Injury to the median nerve at the elbow may cause symptoms to appear in the forearm, wrist and hand.
An injury above the elbow may result in difficulty or even inability to turn the hand over or flex the wrist down. Injuries below this may cause tingling or numbness in the forearm, thumb and the three adjacent fingers. Weakness with gripping and inability to move the thumb across the palm may also be experienced along with wasting of the muscles at the base of the thumb.
Injuries to the median nerve at the elbow are either lesions, where the nerve is torn either partially or fully, or compressed due to displacement of a fracture or excess fluid following injury.
The median nerve emerges from the neck at the brachial plexus between the 5th cervical (neck) and 1th Thoracic (upper back) vertebrae. It then passes down the arm, past the elbow and splits into branches which serve the thumb and three fingers (missing just the little, pinky finger!).
At the elbow, the nerve passes to the inner side of the joint and so injuries in this area are most at risk of causing median nerve injury. It also runs alongside the brachial artery and so an acute injury to the median nerve may also cause injury to this major blood vessel.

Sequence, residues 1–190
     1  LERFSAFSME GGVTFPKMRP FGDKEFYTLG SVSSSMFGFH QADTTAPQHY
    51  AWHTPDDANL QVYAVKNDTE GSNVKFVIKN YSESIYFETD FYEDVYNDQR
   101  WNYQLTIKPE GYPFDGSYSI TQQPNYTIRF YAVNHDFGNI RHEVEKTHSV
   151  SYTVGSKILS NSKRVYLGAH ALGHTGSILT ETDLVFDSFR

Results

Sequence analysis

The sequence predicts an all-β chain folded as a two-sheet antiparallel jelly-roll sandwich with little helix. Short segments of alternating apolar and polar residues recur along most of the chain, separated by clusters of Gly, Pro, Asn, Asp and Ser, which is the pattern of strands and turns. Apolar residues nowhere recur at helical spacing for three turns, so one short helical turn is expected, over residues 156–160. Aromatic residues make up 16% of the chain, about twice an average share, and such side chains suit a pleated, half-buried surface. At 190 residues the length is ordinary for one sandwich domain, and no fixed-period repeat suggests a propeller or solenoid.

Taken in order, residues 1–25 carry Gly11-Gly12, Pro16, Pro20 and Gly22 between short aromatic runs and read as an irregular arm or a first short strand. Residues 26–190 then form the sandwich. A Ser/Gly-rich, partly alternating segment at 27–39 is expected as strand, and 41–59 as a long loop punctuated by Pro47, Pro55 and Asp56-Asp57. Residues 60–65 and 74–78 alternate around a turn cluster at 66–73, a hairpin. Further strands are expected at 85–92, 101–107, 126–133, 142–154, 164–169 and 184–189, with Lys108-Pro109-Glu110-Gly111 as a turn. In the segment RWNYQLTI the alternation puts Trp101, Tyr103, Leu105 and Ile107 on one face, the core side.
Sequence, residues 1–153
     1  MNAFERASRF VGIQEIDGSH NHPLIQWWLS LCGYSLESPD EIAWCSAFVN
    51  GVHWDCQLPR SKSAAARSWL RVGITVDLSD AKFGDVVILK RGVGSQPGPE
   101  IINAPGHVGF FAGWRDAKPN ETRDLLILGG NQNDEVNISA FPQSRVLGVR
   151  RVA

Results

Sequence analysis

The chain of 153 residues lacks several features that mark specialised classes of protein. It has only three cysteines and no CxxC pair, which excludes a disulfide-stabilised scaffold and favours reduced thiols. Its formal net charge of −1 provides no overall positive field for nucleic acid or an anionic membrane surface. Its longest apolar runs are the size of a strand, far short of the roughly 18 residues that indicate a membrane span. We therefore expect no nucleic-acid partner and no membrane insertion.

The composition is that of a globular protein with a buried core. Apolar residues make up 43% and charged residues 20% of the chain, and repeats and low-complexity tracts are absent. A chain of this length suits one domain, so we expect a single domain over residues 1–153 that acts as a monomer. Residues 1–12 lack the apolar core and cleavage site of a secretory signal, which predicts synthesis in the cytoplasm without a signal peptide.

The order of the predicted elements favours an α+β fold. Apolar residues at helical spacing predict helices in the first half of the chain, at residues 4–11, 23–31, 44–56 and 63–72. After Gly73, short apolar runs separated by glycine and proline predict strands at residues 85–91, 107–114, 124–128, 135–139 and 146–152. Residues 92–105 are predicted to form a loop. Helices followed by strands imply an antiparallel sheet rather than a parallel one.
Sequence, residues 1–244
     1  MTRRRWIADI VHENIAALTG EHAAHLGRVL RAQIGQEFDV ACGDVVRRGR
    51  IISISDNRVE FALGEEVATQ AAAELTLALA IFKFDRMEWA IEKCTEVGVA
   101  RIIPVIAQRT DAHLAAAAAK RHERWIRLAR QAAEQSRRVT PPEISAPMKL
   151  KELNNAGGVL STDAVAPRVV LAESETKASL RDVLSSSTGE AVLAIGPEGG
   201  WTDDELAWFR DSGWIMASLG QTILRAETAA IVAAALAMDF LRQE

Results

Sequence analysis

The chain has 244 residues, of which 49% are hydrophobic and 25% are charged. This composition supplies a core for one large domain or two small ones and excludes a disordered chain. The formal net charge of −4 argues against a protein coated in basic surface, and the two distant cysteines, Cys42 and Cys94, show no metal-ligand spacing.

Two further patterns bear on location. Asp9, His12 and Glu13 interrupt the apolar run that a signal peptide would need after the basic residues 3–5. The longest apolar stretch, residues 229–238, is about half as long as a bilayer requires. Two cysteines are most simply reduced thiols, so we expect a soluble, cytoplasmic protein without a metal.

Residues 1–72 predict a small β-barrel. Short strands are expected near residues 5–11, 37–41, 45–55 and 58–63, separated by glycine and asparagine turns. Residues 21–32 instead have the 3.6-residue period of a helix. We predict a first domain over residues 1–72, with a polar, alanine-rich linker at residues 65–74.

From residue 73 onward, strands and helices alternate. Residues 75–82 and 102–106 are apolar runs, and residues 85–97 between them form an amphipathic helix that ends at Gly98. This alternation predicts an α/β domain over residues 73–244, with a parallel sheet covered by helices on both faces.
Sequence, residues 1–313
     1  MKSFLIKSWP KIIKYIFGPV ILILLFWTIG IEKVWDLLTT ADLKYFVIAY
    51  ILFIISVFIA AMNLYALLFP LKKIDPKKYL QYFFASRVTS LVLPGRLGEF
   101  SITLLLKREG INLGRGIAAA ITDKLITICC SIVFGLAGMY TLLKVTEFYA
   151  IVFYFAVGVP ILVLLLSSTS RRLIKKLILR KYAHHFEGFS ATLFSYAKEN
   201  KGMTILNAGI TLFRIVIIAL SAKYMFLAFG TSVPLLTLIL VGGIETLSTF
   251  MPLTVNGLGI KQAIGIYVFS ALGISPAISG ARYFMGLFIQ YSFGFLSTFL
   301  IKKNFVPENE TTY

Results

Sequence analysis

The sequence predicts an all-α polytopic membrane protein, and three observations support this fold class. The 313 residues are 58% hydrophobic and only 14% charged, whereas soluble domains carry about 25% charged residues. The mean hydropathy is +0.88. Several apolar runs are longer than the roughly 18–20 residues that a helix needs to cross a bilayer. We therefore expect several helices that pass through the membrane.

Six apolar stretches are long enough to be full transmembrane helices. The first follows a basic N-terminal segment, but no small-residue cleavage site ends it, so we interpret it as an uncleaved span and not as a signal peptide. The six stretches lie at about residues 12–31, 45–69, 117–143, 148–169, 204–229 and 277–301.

Injuries such as a supracondylar fracture, elbow dislocation or any form of fracture should be examined for damage to the median nerve. Even relatively minor injuries, to the medial ligament for example, may result in median nerve symptoms due to increased pressure on the nerve from bleeding and swelling in the area.
Injuries to the median nerve at the elbow are either lesions - where the nerve is torn either partially or fully, or compressed due to displacement of a fracture or excess fluid following injury. Lesions are more serious, long-term injuries. Compression injuries usually resolve when swelling dissipates or when a displaced fragment of bone is removed.
The most common injury involving the median nerve is Carpal Tunnel Syndrome. However this is caused by a decrease in space at the carpal tunnel in the wrist and so would not occur as a result of an elbow injury. Pronator Teres Syndrome is another entrapment neuropathy of the median nerve, this time as it passes between the two heads of the pronator teres muscle.
As median nerve injuries at the elbow are usually caused by another acute injury, the priority is to treat the initial injury. This may be a fracture or dislocation or a soft tissue injury. But in many cases, treating the offending injury, eases the median nerve symptoms.
Applying ice, compression and elevation to a soft tissue injury will help to reduce swelling, in turn reducing pressure on the median nerve. A displaced fracture at the elbow, which is compressing the median nerve may also be corrected by surgery to remove or realign the fragment, again easing pressure on the nerve.
Median nerve symptoms may clear up very quickly if no long term damage was sustained. However, if the nerve was damaged, the symptoms listed above may be more long-lasting.